Q: How can we expect that Larry Crevin, the owner of Total Coverage, Inc. won't take out distributions that include excess compensation in 2019, if historical trends point to him always taking out cash from the company in this manner? Isn't saying he won't take out any cash from the company just wishful thinking?
A: It is indeed wishful thinking unless there is a loan covenant in place that restricts compensation or is structured in such a way to cause Mr. Crevin to choose not to take distributions in excess of taxes. We'll get into such restrictions in depth in Session 7 where we focus on covenants.
Covenants are a contractually enforceable part of the lending contract. One way to control the use of distributions is through a debt service covenant (DSC) to which the lender and borrower agree. A DSC covenant simply requires the borrower to generate profit adequate to exceed debt service by some factor.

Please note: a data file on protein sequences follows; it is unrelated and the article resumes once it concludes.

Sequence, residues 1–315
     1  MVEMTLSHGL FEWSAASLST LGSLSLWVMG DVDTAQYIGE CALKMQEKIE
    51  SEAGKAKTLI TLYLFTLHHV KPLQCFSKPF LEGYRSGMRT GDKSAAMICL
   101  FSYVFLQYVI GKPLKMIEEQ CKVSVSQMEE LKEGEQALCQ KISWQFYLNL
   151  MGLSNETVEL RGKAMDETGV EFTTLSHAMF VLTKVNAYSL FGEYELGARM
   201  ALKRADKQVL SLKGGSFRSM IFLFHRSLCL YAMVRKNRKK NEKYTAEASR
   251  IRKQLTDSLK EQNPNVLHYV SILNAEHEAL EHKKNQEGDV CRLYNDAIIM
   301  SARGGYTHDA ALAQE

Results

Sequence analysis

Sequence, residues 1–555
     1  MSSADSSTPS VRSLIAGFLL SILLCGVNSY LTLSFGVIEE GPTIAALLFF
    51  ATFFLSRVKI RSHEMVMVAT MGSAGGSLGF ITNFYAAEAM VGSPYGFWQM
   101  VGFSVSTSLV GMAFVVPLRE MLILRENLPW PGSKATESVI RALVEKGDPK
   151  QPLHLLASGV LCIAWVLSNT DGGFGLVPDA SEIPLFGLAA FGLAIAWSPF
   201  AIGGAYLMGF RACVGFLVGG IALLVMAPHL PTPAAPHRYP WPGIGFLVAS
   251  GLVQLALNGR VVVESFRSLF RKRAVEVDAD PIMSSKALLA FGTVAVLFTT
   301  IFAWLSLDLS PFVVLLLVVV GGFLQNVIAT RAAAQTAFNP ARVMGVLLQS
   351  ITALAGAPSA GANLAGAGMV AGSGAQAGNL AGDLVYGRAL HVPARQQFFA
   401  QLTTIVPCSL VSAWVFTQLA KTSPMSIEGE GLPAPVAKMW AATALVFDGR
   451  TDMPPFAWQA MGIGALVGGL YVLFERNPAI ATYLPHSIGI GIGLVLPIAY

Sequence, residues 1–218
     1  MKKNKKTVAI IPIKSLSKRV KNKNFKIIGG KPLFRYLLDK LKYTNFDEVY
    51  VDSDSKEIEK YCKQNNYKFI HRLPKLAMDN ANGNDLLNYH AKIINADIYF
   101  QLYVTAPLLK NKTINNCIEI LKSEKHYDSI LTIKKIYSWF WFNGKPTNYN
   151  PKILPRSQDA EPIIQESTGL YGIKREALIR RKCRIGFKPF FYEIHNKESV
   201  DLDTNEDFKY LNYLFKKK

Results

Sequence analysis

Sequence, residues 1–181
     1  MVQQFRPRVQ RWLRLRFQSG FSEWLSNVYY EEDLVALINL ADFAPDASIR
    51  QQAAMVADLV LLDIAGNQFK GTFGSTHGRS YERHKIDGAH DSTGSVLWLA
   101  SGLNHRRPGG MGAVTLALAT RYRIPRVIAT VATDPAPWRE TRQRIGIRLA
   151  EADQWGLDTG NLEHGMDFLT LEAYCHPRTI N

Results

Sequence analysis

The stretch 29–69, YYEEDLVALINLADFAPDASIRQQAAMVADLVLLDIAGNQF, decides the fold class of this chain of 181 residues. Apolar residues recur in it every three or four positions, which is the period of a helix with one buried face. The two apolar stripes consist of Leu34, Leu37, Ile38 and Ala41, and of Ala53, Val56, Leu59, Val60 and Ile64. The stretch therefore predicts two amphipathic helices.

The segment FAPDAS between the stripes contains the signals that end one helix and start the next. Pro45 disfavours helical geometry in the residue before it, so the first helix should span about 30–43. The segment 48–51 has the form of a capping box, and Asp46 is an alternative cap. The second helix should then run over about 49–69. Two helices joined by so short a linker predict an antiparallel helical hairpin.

The covenant will work to assure that the owner’s incremental compensation (distributions and loans) is limited if both are included in the calculation as a reduction of net income. In setting this covenant, the lender would define profit available to service debt as, for example, net income increased by removing interest expense but decreased by subtracting distributions and loans to owners. This amount of profit must then exceed debt service – the sum of interest expense and last year's current maturities of long-term debt – by some factor, e.g., (Profit Available for Debt Service) / (Debt Service) = 1.25 or greater. In this way, the borrower decides on the amount of distributions and loans to owner(s) that allows the company to meet the covenant.
Course overview: Management Assessment, Projected Cash Flow, and the First Way Out